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Professionalism of modern child actors reflects the reality they live in

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The remake of Stephen King’s “It” has become a big topic of discussion these last few months. I remember even before the release date was announced everyone was going crazy over it. However, after coming out in theaters there were a lot of ethical questions surfacing in regards to the child actors in the film.

In an interview conducted with Jimmy Kimmel, Bill Skarsgard, who plays Pennywise the demon clown, explains that working with the kids on the set of “It” was extremely “professional.” He elaborates this by explaining his experience working with Jack Dylan Grazer who plays Eddie Kaspbrak in the film. There was a scene in the movie where Pennywise had an encounter with Eddie, Skarsgard described it as “intense” because he was screaming violently in the child’s face to execute his role.

According to Skarsgard, the children had never seen a real clown before the shoot, and the directors kept the child actors away from him, I suppose that this was to protect the authenticity of the scare. During this specific scene, Skarsgard had thought that he was genuinely scaring Dylan because he was crying and gagging, but to his surprise after they yelled “cut,” Dylan got up and said, “I love what you’re doing, I love what you’re doing with the character.” In that moment Skarsgard realized just how professional these young actors were.

I think the idea around children playing intense roles as actors is an understandably split argument. Generally speaking, exposing sex, violence, vulgar language, etc. to children is something unfathomable. I think people are frightened that their children are going to grow up faster than they should have to because they have been exposed to reality. That’s where, of course, it gets tricky. Yes, no parent wants their child to come across these topics too soon and get involved in something that could potentially hurt them, but these things are unavoidable.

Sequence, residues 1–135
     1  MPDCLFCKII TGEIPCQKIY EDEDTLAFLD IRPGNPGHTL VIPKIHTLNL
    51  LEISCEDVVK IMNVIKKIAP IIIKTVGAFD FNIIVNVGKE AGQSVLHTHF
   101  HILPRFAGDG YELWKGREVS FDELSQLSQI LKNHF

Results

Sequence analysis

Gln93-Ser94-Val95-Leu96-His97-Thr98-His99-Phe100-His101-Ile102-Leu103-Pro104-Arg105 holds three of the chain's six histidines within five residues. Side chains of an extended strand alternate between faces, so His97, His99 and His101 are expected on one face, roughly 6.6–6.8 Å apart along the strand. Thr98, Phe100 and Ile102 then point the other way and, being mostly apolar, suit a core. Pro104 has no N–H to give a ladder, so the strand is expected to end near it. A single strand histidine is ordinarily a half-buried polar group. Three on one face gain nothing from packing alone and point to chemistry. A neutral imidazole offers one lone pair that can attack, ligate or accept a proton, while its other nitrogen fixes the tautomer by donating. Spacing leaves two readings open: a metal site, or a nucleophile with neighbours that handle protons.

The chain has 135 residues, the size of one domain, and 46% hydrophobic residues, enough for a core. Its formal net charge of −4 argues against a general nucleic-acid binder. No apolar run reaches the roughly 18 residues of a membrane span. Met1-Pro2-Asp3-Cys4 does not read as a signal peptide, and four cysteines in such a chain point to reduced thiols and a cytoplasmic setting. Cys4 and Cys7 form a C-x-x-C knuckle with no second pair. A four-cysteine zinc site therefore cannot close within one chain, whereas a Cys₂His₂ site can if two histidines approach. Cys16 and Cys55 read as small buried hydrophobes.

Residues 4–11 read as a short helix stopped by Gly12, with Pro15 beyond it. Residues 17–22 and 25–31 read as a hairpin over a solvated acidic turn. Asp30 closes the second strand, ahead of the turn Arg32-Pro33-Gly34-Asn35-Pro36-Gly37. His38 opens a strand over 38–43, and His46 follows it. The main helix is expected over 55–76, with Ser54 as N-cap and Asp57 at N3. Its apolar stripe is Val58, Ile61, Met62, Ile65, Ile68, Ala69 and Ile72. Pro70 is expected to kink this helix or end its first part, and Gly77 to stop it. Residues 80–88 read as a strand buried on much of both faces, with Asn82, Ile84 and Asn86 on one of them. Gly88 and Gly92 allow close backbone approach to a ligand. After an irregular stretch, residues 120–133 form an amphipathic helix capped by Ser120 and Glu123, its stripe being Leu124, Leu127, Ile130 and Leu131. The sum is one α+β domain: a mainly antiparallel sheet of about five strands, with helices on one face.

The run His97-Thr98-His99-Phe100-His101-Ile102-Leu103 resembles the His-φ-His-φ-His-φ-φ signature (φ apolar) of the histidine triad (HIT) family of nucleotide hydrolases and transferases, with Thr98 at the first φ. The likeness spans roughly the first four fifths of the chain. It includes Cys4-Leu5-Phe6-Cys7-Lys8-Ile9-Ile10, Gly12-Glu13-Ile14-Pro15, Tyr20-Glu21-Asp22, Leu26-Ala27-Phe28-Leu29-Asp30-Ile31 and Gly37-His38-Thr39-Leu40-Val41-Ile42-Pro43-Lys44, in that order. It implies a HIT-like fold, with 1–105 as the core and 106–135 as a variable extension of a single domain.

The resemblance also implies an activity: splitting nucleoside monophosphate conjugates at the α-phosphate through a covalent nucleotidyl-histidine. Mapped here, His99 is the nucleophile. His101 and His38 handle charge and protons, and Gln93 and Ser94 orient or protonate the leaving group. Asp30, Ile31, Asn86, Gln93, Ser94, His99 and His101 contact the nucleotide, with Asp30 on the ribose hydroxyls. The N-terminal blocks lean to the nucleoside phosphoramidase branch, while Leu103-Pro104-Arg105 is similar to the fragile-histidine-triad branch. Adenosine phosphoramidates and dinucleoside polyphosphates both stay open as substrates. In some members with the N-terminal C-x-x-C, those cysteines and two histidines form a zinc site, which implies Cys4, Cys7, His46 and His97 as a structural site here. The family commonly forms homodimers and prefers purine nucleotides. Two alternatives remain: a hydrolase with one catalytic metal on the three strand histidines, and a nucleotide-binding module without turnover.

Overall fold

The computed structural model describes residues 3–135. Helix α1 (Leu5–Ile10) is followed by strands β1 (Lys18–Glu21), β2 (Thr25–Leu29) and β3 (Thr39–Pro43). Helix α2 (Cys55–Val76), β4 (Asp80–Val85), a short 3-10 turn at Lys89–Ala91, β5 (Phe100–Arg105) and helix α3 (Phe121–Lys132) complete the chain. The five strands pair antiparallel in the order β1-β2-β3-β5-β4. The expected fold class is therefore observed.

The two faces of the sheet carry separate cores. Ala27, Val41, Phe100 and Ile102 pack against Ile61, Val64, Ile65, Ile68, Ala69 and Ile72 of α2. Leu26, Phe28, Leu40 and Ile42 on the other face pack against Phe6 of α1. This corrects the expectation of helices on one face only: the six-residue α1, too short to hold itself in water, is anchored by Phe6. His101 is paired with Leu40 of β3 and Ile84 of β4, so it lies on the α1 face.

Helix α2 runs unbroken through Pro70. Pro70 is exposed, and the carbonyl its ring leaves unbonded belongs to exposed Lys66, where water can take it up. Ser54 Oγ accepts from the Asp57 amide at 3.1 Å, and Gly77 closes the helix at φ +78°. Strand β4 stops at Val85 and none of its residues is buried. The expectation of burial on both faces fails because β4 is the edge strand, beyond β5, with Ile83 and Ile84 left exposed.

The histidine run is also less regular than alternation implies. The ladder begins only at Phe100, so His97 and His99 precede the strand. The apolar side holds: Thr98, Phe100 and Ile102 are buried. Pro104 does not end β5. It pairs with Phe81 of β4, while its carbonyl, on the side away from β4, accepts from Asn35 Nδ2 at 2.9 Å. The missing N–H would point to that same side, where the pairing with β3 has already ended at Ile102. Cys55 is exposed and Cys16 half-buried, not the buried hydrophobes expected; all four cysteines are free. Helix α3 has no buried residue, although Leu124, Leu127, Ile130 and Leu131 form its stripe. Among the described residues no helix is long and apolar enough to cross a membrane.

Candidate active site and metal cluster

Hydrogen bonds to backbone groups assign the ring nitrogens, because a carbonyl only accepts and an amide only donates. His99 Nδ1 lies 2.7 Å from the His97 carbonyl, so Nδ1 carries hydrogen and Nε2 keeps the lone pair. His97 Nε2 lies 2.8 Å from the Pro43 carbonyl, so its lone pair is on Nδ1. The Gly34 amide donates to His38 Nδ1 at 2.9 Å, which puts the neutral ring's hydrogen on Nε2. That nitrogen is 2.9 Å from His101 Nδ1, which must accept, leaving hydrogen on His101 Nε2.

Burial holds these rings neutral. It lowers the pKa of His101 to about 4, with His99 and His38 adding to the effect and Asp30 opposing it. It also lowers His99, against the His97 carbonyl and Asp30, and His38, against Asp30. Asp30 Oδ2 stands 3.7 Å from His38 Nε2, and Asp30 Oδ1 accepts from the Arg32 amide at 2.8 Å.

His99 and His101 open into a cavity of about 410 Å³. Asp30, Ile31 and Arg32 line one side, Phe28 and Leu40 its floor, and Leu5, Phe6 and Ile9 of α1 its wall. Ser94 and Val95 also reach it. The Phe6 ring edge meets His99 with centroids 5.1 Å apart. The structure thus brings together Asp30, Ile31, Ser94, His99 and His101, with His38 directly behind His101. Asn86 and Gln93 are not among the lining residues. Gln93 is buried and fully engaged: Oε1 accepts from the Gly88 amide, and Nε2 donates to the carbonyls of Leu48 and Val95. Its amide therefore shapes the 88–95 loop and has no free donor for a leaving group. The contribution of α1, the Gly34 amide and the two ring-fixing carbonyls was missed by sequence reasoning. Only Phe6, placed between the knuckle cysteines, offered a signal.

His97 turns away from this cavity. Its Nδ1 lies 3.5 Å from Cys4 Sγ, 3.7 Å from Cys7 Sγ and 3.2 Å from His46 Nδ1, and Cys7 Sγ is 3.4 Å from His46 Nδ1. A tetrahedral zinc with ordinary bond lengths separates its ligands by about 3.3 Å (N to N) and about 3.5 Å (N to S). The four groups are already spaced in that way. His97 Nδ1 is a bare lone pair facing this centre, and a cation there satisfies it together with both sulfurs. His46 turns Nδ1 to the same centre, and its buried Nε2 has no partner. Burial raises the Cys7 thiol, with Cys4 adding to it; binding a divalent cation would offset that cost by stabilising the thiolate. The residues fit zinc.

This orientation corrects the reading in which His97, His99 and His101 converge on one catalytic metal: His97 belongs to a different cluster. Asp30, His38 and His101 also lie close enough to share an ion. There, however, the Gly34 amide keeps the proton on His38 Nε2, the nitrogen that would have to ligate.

At some point in time, children explore and discover things without the help of anyone else. Let me place a very high emphasis on the term “role.” Of course, there is the possibility that the scene may be based on real events, but it’s not physically doing damage to the actor. The Webster dictionary defines an actor as “a person that behaves in a way that is not genuine.” That alone should provide comfort to anyone that is concerned that their childhood is being stolen from them. At 12 or 13, I was more aware of the world than I probably should have been due to the environment I grew up in.

Again, it is understandable not to want to see children taking on these mature roles and, instead, watch them do kid things. I think something that we tend to forget is that the role is something that the children accept, not something forced upon them. So, no I do not think that the roles these children play are too intense because they were aware of what they were getting into. Personally, I appreciate that children are not only allowed to play these roles but actually accept to play them because I think that it’s important to acknowledge that children who are non-actors are exposed to sex, drugs and violence more than we want to be true. It’s our reality and we need to face it.

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Professionalism of modern child actors reflects the reality they live in